Many new professional-service or creative-service businesses price their services below market as a way to bring in business. There is some logic to this practice. Since you lack client references and a demonstrated track record, there is more risk for the initial few clients. But pretty soon, as business increases, so too does your overhead. You may want to hire a bookkeeper, get some administrative help, find a bigger office, the list goes on. Soon, you find yourself with a growing business but not a growing profit. What’s the answer? Should you raise prices?
Your current clients, the ones who made this success possible, have put a value on your services – a value that you initially set for them. So, if you raise your prices by 20 to 40 percent, even though it’s closer to what your competitors charge, your customers may think, “Wow, that’s expensive!” But, if you don’t raise prices, you are working for nothing!
When you price yourself considerably lower than your competitors, your services are viewed as being “cheap,” regardless of their true market value. This leads to a number of problems. First, you train your customers to expect that the service you provide is “worth” what they are paying for it, even when it’s much lower than the market value. Second, you prevent yourself from investing money in your business (i.e., administrative staff, equipment, new services) that would allow you to provide more value to your customers and enable your business to survive and grow for the long haul.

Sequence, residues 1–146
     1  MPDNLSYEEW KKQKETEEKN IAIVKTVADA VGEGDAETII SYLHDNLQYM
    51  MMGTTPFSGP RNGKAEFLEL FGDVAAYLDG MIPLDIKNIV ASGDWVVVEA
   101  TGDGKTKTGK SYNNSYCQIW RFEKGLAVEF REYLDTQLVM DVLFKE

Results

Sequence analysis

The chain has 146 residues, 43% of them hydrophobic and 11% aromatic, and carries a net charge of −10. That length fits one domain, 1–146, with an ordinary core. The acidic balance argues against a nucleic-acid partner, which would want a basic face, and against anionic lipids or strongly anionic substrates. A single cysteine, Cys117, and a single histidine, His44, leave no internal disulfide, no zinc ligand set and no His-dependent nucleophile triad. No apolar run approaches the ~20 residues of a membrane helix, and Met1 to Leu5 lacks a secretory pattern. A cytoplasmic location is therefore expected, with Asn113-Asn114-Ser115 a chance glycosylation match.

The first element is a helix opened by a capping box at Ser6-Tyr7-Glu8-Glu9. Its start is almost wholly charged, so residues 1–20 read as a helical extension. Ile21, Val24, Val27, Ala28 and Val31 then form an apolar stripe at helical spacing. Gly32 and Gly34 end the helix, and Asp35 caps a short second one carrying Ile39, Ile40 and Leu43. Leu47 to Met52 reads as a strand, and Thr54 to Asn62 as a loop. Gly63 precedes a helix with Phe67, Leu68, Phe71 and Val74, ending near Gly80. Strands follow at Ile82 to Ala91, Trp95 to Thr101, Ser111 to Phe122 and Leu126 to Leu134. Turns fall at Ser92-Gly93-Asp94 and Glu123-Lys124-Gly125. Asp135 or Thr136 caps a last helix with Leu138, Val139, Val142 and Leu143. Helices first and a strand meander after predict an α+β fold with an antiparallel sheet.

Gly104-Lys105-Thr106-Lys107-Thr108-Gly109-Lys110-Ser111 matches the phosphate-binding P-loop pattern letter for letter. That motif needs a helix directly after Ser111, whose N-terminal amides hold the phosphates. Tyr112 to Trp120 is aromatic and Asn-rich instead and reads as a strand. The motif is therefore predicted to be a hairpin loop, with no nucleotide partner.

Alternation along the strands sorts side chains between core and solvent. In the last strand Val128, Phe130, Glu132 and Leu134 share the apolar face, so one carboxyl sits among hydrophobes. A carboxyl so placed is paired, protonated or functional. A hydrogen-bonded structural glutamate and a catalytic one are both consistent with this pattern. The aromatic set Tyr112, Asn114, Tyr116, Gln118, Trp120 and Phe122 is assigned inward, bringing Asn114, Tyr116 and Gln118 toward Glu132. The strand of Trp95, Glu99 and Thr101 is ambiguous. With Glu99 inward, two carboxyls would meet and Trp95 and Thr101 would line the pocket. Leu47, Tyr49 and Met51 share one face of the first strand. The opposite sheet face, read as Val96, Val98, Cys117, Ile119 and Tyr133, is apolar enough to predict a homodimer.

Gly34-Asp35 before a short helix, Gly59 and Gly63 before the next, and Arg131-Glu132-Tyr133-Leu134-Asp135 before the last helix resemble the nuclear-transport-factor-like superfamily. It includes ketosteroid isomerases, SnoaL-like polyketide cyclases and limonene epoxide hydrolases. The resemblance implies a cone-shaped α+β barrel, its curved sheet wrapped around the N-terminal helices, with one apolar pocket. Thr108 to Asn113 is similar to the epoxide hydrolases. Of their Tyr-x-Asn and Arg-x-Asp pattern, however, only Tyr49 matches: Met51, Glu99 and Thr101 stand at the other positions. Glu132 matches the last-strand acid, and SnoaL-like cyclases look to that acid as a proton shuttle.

Third, and most alarming, you may be costing yourself some very profitable business! How can low prices cost you business, you wonder? Well, if you need surgery, would you look for the cheapest surgeon? If you had an important legal matter, would you go to the cheapest attorney? Probably not. It is natural for you to want a doctor or lawyer who is competent and knowledgeable. But, to get that level of service, you must pay for it and they deserve to be paid for it. In a professional-service business, you are sought after because of your knowledge or talent in a certain area. You are an expert. And, you have value. Your prices should, and must, reflect that value from the very beginning of your business and at the outset of every relationship with each client. If your prices are low, people tend to treat your service as low-value; if your prices are higher and in line with your value, people will take you, and your business, more seriously and attribute a higher value to your services.
Here are some things to consider when setting your prices, be it now or from the beginning.
- Do your research. Check out your competition, especially those who are
successful. What do they charge and why are you different? Be prepared
to answer that question for your customers and potential customers.
- Know your costs. This includes your overhead costs because you need to
set prices in such a way that you make the profit you want and need.
Proper pricing can help you ensure the long-term health of your